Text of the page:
What WITH STANDBY = 'undo filename' does is tell SQL Server to "recover" the database to a consistent state, so all uncommitted transactions will be rolled back. However, the file specified stores the actions that SQL Server took to roll back those transactions. If you want to apply another backup, SQL Server can undo the effects of the recovery process and continue applying backup files.

You can try this for yourself by modifying Listing 1. Simply replace every occurrence of "WITH NORECOVERY" with "WITH STANDBY = [some _filename]".

Before issuing the last RESTORE command, try a SELECT statement. In this instance, you will get no error. Remember that when in standby mode, you can't update the database; only queries are allowed.

Restoring Differential Backups
Restoring a differential backup uses the exact same syntax as a full database restore. SQL Server tells from the backup file whether it is a full database backup or a differential backup and processes it accordingly. The following example demonstrates a full backup, a differential backup, and then the necessary restores:

alter database Northwind set recovery FULL backup database northwind to disk = 'c:\northwind.bak' with init backup database northwind to disk = 'c:\northwind.df1' with init,differential backup database northwind to disk = 'c:\northwind.df2' with init,differential restore database northwind from disk = 'c:\northwind.bak' with NORECOVERY /* Because I'm using differential backups, I only need the last differential backup made. See my article on "Choosing the Right Backup in SQL Server." */ restore database northwind from disk = 'c:\northwind.df2' with NORECOVERY restore database northwind with RECOVERY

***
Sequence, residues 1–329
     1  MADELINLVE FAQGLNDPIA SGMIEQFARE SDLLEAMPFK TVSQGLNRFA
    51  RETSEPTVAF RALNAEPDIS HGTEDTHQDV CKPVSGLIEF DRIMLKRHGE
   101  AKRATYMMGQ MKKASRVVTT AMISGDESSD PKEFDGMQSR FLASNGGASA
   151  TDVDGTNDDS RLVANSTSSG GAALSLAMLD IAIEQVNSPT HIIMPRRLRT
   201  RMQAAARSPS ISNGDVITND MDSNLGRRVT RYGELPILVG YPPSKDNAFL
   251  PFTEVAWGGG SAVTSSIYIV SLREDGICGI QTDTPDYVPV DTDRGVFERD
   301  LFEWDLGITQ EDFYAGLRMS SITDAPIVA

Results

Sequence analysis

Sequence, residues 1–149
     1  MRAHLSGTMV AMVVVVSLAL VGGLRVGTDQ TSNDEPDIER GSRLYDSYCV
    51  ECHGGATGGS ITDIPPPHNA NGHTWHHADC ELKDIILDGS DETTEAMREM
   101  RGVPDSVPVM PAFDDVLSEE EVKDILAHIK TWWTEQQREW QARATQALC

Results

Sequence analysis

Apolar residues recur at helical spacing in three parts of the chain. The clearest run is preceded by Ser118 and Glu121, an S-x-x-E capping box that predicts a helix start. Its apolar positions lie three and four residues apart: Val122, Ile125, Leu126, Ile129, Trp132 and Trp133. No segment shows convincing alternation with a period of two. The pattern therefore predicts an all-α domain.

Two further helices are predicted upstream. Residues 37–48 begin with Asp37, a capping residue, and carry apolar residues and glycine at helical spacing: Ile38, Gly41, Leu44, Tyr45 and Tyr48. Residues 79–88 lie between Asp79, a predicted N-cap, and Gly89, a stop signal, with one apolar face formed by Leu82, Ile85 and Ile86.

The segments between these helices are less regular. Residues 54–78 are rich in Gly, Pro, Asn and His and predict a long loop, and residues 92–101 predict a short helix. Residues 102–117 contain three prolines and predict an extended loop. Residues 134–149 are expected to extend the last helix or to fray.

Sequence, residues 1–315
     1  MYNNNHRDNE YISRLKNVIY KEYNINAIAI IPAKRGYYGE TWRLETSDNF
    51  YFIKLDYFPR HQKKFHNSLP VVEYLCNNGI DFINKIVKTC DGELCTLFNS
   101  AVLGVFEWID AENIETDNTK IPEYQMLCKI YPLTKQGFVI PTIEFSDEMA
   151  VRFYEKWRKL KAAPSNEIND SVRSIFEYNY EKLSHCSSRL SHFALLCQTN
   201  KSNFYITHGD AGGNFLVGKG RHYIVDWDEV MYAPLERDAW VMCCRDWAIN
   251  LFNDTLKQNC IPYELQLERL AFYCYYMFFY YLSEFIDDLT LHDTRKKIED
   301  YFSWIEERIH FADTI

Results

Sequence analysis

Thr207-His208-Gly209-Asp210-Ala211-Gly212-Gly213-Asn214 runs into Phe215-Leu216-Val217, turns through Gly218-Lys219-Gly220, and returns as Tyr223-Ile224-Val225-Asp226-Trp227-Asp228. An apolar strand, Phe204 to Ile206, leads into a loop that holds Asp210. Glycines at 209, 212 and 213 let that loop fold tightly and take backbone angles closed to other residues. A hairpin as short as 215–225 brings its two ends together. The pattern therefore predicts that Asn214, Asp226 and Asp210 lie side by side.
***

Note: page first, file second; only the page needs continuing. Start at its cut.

Restoring File Backups
Restoring file backups can be a bit tricky. Remember that you will need to restore not only the file backup but also all the transaction logs since the file backup was taken. Otherwise, the files in the database won't be up to the same moment in time.

For the example shown in Listing 2, I use the test database that I created in my previous 10-Minute Solution, "Choosing the Right Backup in SQL Server." First, I back up the primary file group. Then I create two transaction log backups. Following those, I create a file backup for group2 and then one more log backup. In the restore process, I only restore the primary group (suppose that only those disks were damaged). In order to bring the primary group to the same state that group2 is up to, I also need to apply the transaction logs that I've created.

To make this example more realistic, you might want to execute transactions in between each backup.

Joe Lax has spent the last 10 years working in various database environments and has been a practicing DBA on all versions of SQL Server from version 4.2 onward. Joe is also an MCSE and an MCT. Recently, he has begun using Oracle and is on his way to obtaining his DBA certification as an Oracle DBA. He's always looking for another good project to get his hands dirty in.